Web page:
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The Life of Napoleon I (Volume 1 of 2) by Rose

Whitworth was to make moderate but firm remonstrances

style="text-align: justify;">But more serious matters were now at hand. Newspaper articles and commercial restrictions were not the cause of war, however much they irritated the two peoples.

The general position of Anglo-French affairs in the autumn of 1802 is well described in the official instructions given to Lord Whitworth when he was about to proceed as ambassador to Paris. For this difficult duty he had several good qualifications. During his embassy at St. Petersburg he had shown a combination of tact and firmness which imposed respect, and doubtless his composure under the violent outbreaks of the Czar Paul furnished a recommendation for the equally trying post at Paris, which he filled with a _sang froid_ that has become historic. Possibly a more genial personality might have smoothed over some difficulties at the Tuileries: but the Addington Ministry, having tried geniality in the person of Cornwallis, naturally selected a man who was remarkable for his powers of quiet yet firm resistance.

His first instructions of September 10th, 1802, are such as might be drawn up between any two Powers entering on a long term of peace. But the series of untoward events noticed above overclouded the political horizon; and the change finds significant expression in the secret instructions of November 14th. He is now charged to state George III.'s determination "never to forego his right of interfering in the affairs

of the Continent on any occasion in which the interests of his own dominions or those of Europe in general may appear to him to require it." A French despatch is then quoted, as admitting that, for every considerable gain of France on the Continent, Great Britain had some claim to compensation: and such a claim, it was hinted, might now be proffered after the annexation of Piedmont and Parma. Against the continued occupation of Holland by French troops and their invasion of Switzerland, Whitworth was to make moderate but firm remonstrances, but in such a way as not to commit us finally. He was to employ an equal discretion with regard to Malta. As Russia and Prussia had as yet declined to guarantee the arrangements for that island's independence, it was evident that the British troops could not yet be withdrawn.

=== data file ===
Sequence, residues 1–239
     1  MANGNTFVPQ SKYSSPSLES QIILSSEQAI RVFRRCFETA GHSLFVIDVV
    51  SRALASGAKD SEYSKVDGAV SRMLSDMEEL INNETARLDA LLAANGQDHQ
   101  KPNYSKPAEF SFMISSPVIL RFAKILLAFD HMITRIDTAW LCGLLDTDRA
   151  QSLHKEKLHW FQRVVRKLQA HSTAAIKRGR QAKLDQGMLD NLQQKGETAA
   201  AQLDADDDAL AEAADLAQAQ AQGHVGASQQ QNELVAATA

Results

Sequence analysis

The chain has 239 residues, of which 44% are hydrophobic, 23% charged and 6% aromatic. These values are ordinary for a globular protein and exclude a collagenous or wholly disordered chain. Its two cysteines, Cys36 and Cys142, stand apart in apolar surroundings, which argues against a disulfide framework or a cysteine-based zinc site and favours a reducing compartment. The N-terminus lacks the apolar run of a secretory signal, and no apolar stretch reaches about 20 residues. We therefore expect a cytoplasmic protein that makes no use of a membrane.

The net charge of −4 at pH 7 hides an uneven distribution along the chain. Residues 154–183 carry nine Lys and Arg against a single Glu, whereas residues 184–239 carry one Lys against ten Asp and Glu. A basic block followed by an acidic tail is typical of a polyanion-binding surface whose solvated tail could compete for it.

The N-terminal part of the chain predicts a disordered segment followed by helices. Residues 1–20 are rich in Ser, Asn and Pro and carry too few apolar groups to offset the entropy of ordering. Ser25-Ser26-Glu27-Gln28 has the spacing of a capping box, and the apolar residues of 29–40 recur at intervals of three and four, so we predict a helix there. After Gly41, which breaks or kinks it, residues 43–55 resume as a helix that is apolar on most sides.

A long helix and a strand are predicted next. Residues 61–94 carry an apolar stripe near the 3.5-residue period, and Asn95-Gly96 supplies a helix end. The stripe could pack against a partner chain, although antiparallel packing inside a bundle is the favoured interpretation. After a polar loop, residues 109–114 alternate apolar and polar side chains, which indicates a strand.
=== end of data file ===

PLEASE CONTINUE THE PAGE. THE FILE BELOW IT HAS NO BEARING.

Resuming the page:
"His Majesty would certainly be justified in claiming the possession of Malta, as some counterpoise to the acquisitions of France, since the conclusion of the definitive treaty: but it is not necessary to decide now whether His Majesty will be disposed to avail himself of his pretensions in this respect."

Thus between September 10th and November 14th we passed from a distinctly pacific to a bellicose attitude, and all but formed the decision to demand Malta as a compensation for the recent aggrandizements of France. To have declared war at once on these grounds would certainly have been more dignified. But, as our Ministry had already given way on many topics, a sudden declaration of war on Swiss and Italian affairs would have stultified its complaisant conduct on weightier subjects. Moreover, the whole drift of eighteenth-century diplomacy, no less than Bonaparte's own admission, warranted the hope of securing Malta by way of "compensation." The adroit bargainer, who was putting up German Church lands for sale, who had gained Louisiana by the Parma-Tuscany exchange, and still professed to the Czar his good intentions as to an "indemnity" for the King of Sardinia, might well be expected to admit the principle of compensation in Anglo-French relations when these were being jeopardized by French aggrandizement; and, as will shortly appear, the First Consul, while professing to champion international law against perfidious Albion, privately admitted her right to compensation, and only demurred to its practical application when his oriental designs were thereby compromised.

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